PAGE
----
Sandbanks Provincial Park

" The following is an article written by Kevin Stuart about his trip to Sandbanks Provincial Park. To truly appreciate Sandbanks Provincial Park, you need to visit it in person. Have fun! Visit their website (click HERE) for more information."

Kevin Stuart

by Festival Nomad Correspondent, Kevin Stuart

The Great Escape
There are few better ways to spend a summer afternoon escaping it all than a day at the beach. For several years now my wife and I have visited the Dunes Beach at Sandbanks Provincial Park and since our son came along, he’s been a part of this annual trek. It was word of mouth that originally piqued our interest and it was the atmosphere it conjures up that has kept us returning. Even the drive to the West Lake on which the beach is located is a leisurely and picturesque on through some of the most historic territory in the whole province, known as the Loyalist Trail.

The Birth of the Dunes...
The current ecology of the area began to take shape more than a century ago when vegetation starting disappearing from the dunes. Trees had been felled and cattle grazing on the area all contributed to the dunes gradually took over everything in their path. By the middle of the 20th century it was decided that trees had to be returned to stem the spreading with the establishment of a forestry station. An intensive planting program was put into effect by the 1950’s where an estimated 3 million trees were planted which finally slowed the spreading of the sand. Today a walk along the Dunes Trail by the day use area provides a reminder of the importance of looking after this unique aspect of nature. It currently has the distinction of being home to the world’s largest freshwater baymouth barrier sand dune system.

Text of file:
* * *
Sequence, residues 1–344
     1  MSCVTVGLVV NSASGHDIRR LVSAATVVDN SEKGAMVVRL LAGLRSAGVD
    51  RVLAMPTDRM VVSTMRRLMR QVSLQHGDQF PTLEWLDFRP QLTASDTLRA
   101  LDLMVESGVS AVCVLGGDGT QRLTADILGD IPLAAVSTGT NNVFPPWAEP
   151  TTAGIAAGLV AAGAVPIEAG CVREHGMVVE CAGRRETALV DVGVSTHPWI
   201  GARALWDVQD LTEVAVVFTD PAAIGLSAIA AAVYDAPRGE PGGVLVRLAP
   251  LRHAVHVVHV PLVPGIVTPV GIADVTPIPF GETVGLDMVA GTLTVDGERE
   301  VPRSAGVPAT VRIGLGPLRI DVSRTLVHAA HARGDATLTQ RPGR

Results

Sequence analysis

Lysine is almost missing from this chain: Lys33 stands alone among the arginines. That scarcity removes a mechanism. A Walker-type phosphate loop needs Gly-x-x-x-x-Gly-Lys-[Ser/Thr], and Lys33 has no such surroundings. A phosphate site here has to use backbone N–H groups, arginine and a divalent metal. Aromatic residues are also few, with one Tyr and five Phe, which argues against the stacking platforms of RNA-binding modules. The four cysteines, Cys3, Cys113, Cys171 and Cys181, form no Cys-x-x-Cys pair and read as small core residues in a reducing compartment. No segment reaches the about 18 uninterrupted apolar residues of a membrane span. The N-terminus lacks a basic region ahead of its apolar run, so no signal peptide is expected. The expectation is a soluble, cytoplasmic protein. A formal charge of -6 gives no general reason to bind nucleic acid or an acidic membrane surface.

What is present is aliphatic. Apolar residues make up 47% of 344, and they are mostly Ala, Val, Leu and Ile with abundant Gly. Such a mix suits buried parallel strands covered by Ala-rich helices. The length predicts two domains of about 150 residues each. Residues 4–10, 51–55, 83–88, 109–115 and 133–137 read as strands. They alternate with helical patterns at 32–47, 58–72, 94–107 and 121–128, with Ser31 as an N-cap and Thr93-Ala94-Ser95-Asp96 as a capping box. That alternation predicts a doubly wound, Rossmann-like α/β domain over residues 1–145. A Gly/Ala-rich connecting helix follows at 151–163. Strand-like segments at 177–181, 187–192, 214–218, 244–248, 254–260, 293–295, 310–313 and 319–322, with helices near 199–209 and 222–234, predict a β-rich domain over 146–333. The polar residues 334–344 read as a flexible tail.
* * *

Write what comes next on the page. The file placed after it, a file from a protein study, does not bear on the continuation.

To the Beach!
From the Sandbanks Provincial Park's parking area to the actual beach is a relatively short walk and there’s almost always a shady spot to stake your claim for a few hours, courtesy of those trees we mentioned. The shallow water stretches around most of the perimeter allowing space for many individuals and families partaking in their own various water activities. Over the last few years it has changed slightly in that the gradual slope suddenly deepens about 70 feet from the shore but is well marked. It is on the other side that those with watercraft often indulge in their pleasure.

Walking the Dunes...
For our most recent visit the water was quite calm, though other times the waves provide another element of excitement for those who love to play in the water. Of course, many of us like to see the view from the top of the highest dune. It does take a bit of grunting if you’re not in tip-top form but it affords an overall view of the West Lake area. All the same, it’s not something that should be recommended as a regular exercise as the dunes are considered environmentally sensitive.

More To Enjoy...
Other immediate features are a playground area and concession stand on site along with complete change rooms and foot washing so that less of the beach will ride home with you. For those who love the outdoors there are camping facilities to be found. Just remember there are many who have discovered this jewel so book your site early in the season. The park hosts a number of events throughout the year and there are attractions in the nearby towns of Picton, Bloomfield and Wellington. Complete details on park activities are available at the Visitor’s Centre or by calling (613) 393-3319.